The committee also heard reports from educator committees assigned to review the science TEKS in several areas, but most of the attention focused on biology. Reviewers recommended edits to the biology TEKS that included sections seen by some on the board as challenging the theory of evolution. In testimony, one biology teacher who sat on the review committee countered that the changes were made for streamlining purposes and preserved encouragement for instructors to engage in healthy debate of scientific theories. The Texas Tribune posted a summary of the arguments.

Bond Guarantees

On Thursday, the Committee on School Finance/Permanent School Fund delved into a question regarding the use of the fund to guarantee loans for new school buildings. When growing school districts want to build, for example, a new campus, they may not necessarily have the cash on hand to pay for it right away. To get things going, they can issue a bond – basically, a loan – which they can pay off, with interest, over time. Just like you, if a school district has better credit, it can get better financing and pay less interest, which can add up to millions of dollars for a big construction project. In order to get the best financing possible, public school districts with less-than-perfect credit can get the bond “guaranteed” by the $30 billion Texas Permanent School Fund (PSF). It’s a bit like your parents co-signing a loan: You get a better interest rate because they promise to pay the bank if you can’t keep up with your payments.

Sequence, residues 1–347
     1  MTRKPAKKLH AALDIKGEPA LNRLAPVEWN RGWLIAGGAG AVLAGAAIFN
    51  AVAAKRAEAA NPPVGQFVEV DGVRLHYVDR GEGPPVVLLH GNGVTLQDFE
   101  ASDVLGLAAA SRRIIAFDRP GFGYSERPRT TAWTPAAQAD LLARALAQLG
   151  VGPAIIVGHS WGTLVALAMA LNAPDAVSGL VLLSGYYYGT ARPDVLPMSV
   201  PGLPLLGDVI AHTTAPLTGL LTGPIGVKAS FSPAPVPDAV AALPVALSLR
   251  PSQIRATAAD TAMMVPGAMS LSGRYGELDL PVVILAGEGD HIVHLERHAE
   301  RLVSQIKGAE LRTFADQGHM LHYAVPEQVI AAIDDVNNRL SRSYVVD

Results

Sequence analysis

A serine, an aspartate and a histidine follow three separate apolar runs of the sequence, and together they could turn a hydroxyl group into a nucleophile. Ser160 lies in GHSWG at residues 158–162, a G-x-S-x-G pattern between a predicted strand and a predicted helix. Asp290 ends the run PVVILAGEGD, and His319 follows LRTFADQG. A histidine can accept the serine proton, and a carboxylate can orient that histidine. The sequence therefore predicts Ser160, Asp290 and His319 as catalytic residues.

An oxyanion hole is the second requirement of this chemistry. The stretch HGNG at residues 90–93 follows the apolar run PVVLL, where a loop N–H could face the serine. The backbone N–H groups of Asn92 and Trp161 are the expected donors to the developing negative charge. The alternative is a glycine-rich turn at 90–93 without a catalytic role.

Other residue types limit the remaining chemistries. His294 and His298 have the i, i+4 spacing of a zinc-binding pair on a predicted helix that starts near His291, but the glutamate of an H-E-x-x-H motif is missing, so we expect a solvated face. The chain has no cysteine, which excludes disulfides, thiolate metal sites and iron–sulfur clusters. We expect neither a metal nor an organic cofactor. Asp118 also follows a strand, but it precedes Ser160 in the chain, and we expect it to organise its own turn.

Dollar fanCharter schools can also take advantage of the Bond Guarantee Program, but on a limited basis. For qualifying charter holders, the amount available under the program is set by a capacity multiplier currently set at 3.25 percent. Charter holders complain the regime creates an annual rush to snap up limited resources. At Thursday’s hearing, they asked the committee to expand the multiplier to 3.5 percent, which would create several hundred million dollars in additional bond guarantees available to charters. Some on the board expressed concern over expanding the debt for which the PSF is liable to charters over which the state has less control. The board gave preliminary approval to raising the multiplier, while halting a related proposal by TEA staff to create additional academic criteria for charter holders to qualify for the program. The Austin American-Statesman‘s Julie Chang has a thorough write-up on the bond program discussion, complete with the following quote from ATPE Lobbyist Monty Exter: